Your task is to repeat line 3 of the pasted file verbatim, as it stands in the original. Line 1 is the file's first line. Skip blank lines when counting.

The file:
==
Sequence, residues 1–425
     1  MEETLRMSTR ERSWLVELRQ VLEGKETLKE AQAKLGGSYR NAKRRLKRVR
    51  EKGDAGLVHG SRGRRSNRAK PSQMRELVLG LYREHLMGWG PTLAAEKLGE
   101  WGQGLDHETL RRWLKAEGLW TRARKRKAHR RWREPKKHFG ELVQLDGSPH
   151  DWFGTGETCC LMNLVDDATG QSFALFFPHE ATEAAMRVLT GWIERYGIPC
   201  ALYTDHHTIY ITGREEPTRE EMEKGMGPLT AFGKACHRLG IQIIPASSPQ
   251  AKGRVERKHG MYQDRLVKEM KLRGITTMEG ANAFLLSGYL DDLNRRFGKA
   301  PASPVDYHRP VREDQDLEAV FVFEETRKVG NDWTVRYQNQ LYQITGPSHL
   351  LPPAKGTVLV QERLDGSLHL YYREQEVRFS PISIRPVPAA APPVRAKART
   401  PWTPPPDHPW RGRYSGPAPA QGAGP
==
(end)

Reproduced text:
    51  EKGDAGLVHG SRGRRSNRAK PSQMRELVLG LYREHLMGWG PTLAAEKLGE